In the heart of Africa, in a swamp forest near Lake Tumba in the Congo, a frolicking species of ape called the bonobo has long upset the Frazetta picture of our past. These apes, who, along with chimpanzees, share up to 98 percent of our DNA, confounded the first primatologists who observed them. Over time, they have created a colony far different from that of their intensely competitive, often violent, chimpanzee cousins. Bonobo society is based on cooperation and empathy; the culture is a matriarchy where competition is redirected into a communitarian sexual appetite. Bonobos also shocked these earliest scientists because they possessed a cheerful sense of general promiscuity, weaving wanton sex into their society, and they boasted a sexual repertoire once thought to be the exclusive property of Homo sapiens—deep kissing, foreplay, oral sex, homosexuality, and polyamory.
Which is why bonobos have gained a certain notoriety in the animal kingdom and are so often bracketed by a kind of ridicule whenever some story about them appears in the paper. “Hippie apes,” one headline will read; another is bemused by “swinger” primates—the suggestion always that what you are about to read is obviously some peripheral fluke in the otherwise bloody contest for resources and mates. And yet, some of the recent work in evolutionary biology suggests that bonobos reveal not some comically marginalized human trait but, possibly, the very mark on the long arc that leads to our humanity.
No description, academic or otherwise, can quite do justice to the comedy that is bonobo sex. On a hilarity scale of one to ten, most animal sex trends quickly toward ten. Bonobo sex goes to eleven. Throughout the day, males and females, adolescents and elders alike greet one another sexually for apparently almost any reason—and do so with everything from a quick feel, to porn-style choreographies, to elaborately athletic couplings. This feature—the variety of their easygoing sex life—is what led Duke primatologist Vanessa Woods to cheekily title her book about them Bonobo Handshake. Bonobos have deployed their elaborate sexual toolkit to ease all kinds of social transitions—ranging from saying good morning to giving the blessing before dinner to expressing a hearty welcome to a new member of the group. Females will casually present themselves to males. The male will walk right up to a female without any hesitation. All bonobos frequently have homosexual sex—the males being quite fond of hanging upside down, face to face, from a tree and engaging in what the gay community calls frottage (some primatologists call it “penis fencing”; to most teenagers it’s better known as dry humping.)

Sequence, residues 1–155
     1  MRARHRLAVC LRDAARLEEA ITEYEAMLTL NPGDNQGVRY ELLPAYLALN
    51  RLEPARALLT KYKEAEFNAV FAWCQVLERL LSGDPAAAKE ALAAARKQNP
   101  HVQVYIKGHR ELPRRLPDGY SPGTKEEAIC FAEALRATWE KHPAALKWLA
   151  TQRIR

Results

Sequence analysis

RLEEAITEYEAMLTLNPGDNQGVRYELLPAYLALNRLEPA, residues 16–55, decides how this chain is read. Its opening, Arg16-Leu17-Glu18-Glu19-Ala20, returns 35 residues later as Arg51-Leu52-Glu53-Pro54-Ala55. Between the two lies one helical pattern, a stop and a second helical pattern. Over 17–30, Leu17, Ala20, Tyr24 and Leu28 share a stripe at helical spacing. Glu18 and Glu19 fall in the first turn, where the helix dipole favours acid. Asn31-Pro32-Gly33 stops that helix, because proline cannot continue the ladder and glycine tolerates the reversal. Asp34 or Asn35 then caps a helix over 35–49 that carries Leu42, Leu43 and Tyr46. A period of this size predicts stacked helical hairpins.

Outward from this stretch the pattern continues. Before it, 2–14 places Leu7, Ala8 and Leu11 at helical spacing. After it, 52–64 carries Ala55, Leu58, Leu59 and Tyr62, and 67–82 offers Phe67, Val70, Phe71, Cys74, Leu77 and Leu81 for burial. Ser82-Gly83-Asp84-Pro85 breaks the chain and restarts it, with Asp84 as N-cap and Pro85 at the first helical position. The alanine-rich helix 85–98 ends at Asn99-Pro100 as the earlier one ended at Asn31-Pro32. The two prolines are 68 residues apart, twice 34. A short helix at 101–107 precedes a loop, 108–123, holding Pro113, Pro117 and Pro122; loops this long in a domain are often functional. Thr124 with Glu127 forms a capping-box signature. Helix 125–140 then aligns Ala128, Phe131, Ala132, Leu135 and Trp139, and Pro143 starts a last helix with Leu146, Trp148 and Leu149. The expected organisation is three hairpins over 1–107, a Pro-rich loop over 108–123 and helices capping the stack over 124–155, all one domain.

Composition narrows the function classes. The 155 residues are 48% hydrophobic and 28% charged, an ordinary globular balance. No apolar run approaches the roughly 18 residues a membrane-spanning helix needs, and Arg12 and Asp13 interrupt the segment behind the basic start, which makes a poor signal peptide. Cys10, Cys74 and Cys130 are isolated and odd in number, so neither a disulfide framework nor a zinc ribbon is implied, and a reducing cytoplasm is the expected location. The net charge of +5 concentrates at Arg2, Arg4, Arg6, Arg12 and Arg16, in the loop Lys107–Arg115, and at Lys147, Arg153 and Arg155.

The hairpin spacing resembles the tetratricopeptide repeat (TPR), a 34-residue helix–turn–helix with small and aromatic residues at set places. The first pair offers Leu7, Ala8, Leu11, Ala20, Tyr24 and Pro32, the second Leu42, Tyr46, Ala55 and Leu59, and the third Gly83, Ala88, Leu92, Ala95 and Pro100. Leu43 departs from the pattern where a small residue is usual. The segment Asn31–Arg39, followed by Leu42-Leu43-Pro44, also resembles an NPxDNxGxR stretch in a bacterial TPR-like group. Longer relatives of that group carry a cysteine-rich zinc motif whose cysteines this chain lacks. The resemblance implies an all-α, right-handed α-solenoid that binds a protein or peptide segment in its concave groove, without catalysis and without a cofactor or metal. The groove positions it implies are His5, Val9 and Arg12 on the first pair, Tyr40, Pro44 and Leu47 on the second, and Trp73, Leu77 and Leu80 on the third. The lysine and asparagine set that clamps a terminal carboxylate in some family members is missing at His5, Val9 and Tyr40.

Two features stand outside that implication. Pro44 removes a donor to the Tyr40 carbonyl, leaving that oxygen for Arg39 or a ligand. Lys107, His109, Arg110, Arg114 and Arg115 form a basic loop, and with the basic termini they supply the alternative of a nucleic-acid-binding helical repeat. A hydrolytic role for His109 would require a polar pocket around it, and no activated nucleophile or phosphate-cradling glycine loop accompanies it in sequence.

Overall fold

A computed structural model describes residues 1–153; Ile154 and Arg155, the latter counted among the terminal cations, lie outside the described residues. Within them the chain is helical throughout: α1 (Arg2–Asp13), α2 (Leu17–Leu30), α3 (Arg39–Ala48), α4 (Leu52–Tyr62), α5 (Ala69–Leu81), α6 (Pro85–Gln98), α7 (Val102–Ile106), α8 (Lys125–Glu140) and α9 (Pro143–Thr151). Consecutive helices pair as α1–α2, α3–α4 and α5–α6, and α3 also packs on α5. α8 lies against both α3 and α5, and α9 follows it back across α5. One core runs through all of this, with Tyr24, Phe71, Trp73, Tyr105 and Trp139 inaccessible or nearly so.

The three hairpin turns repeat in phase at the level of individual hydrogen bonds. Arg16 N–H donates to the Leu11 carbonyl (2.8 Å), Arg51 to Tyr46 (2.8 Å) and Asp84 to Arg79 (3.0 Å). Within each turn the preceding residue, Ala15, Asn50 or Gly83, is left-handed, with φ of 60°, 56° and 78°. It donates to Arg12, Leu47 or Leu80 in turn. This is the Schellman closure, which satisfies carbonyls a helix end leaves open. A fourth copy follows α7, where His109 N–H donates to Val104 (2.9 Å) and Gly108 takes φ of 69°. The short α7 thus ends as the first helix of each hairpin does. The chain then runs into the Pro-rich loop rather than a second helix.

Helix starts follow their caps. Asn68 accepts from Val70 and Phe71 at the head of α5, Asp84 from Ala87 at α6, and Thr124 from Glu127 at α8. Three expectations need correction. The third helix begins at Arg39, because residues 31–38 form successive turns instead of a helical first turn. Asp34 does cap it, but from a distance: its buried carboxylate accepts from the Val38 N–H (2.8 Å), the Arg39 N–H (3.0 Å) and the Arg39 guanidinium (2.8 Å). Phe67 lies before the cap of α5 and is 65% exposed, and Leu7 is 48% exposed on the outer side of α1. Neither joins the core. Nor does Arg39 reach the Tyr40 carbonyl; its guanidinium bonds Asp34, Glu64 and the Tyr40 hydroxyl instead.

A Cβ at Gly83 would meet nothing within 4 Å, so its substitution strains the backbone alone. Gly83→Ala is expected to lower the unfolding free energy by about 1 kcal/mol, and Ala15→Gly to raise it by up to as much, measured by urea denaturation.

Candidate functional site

A brief visit through YouTube’s bonobo-tagged videos provides a sense of what Planet of the Apes might have looked like had it been directed by Pier Paolo Pasolini. And even though there’s been some pushback on the subject—some theorize that bonobos have more sex in captivity than in the wild—certain realities prevail: bonobos have a lot more sex and a lot more different kinds of sex than all their nonhuman cousins. And they have it outside the hormonal and biological command of estrus, the periodic season of heat that signals to most mammals that it is time to rut. This sense of freedom is what really puts them in a category quite different from the other primates and, like us, from so much of nature. And it’s not just the sex. Observers in the jungles have seen them cry and, on occasion, console a fellow bonobo in distress. In between the sexual escapades captured on YouTube, one will notice that the adults often break out of the shoulder-rolling simian swagger and walk as upright and briskly as a Manhattanite heading to the subway. Even their temperament seems closer to ours. During World War II, when the Allies bombed Munich, the city’s zookeepers are said to have reported that the chimpanzees survived the trauma of the nearby destruction. The bonobos all died of heart attacks.